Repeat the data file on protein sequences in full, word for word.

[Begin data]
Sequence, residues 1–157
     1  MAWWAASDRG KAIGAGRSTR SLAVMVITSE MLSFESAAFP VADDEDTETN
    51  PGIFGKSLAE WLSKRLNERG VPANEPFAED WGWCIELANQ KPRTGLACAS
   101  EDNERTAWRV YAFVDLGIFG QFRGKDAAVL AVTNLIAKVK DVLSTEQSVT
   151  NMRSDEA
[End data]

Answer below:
Sequence, residues 1–157
     1  MAWWAASDRG KAIGAGRSTR SLAVMVITSE MLSFESAAFP VADDEDTETN
    51  PGIFGKSLAE WLSKRLNERG VPANEPFAED WGWCIELANQ KPRTGLACAS
   101  EDNERTAWRV YAFVDLGIFG QFRGKDAAVL AVTNLIAKVK DVLSTEQSVT
   151  NMRSDEA